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I have already bought all the pipe cleaners  in NC (about 100).  One  polish manufacturer indicated that i might use a different wax they had, above the windows, that had a lower water cohesion factor.  I am trying to collect some data before I get back with them and try that approach.  As a last resort I will get my Saws All and enlarge the weep holes. Just kidding!

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If you enlarge your weep holes, then you'll need larger pipe cleaners.


Snowball • LE2 256 • 2018 Ford Raptor

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Nah - just stuff as many pipe cleaners as you can into that larger hole.  Given that he bought out the entire North Carolina stock, he should have plenty.

 

Bill


2017 Ford F150 Lariat 3.5EB FX4 Max Towing 2016 Oliver Elite II - Hull #117 "Twist"

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On our last trip to SE Oregon, we encountered terrific thunderstorms with incredible downpours. As I watched our window wells fill up with water, I remembered this post. But had no pipe cleaners. But I did have 1/8" paracord! I cut off a bunch of 3" pieces and worked them in the weep slot of our windows. They worked beautifully with steady drips coming off the end of the cord and dry window wells! Another good use for paracord. Thanks for the idea.

 

Dave

 

Edit: I see now that the original post was started by Mossemi, thanks again!

IMG_4912.jpg.jpg.d63a129e316d0d79dc03891548e585b1.jpg

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2015 Oliver Elite, Hull 107


1998 Ford E-250, 5.4 liter

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Would this work as well as pipe cleaners?  I have not tried any window weep ideas yet, but need to add to my travel list

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KWR


2019 Oliver Legacy Elite II, Hull#444


2019 GMC Sierra 2500HD Crew Cab, 4WD, Denali, Duramax 6.6L Turbo Diesel V8 Engine with Allison 6-speed transmission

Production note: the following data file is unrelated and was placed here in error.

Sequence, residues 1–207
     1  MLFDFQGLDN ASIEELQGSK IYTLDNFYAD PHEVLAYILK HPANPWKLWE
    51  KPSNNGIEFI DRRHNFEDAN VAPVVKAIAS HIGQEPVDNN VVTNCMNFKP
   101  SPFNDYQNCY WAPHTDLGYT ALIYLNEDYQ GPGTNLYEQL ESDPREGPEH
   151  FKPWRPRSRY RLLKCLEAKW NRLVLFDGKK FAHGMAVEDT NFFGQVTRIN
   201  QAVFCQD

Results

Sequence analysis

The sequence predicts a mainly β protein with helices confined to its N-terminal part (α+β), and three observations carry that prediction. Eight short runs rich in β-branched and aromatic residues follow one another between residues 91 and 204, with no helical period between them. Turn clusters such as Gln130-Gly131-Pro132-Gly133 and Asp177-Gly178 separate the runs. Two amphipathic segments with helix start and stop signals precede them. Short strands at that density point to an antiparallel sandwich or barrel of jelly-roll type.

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Don't see why not - Mike's original idea was to use something that would simply wick the water out of the window area.  Pipe cleaners, paracord, plant watering cord, whatever.....

 

Bill


2017 Ford F150 Lariat 3.5EB FX4 Max Towing 2016 Oliver Elite II - Hull #117 "Twist"

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This is the pipe cleaner that I use because my father-in-law smoked a pipe and Krunch found them in her mother's sewing machine cabinet, so they were cheap.

680E69A1-863B-45A2-8CA2-198C62138DE6.thumb.jpeg.4ef78e902c88fe428935cb057f2bbd0f.jpeg

 

As others have posted, there is a variety of products that will wick water from the window tracks through the weep slots and I am sure there are others items we haven’t thought of yet. But I will say that although the Ream-N-Klein pipe cleaners do rust after months of use, their ability to stay in place while on the road at highway speeds is amazing. We put new cleaners in place for our trip to the rally and when we got home after 2100 miles, they were all still in place. They have been so dependable that we don’t even think about them anymore.

 

You can test the effectiveness of any wicking product whenever you wash your Ollie.

Good luck and happy wicking,


Mike and Krunch   Lutz, FL   LEII #193 “the dog house”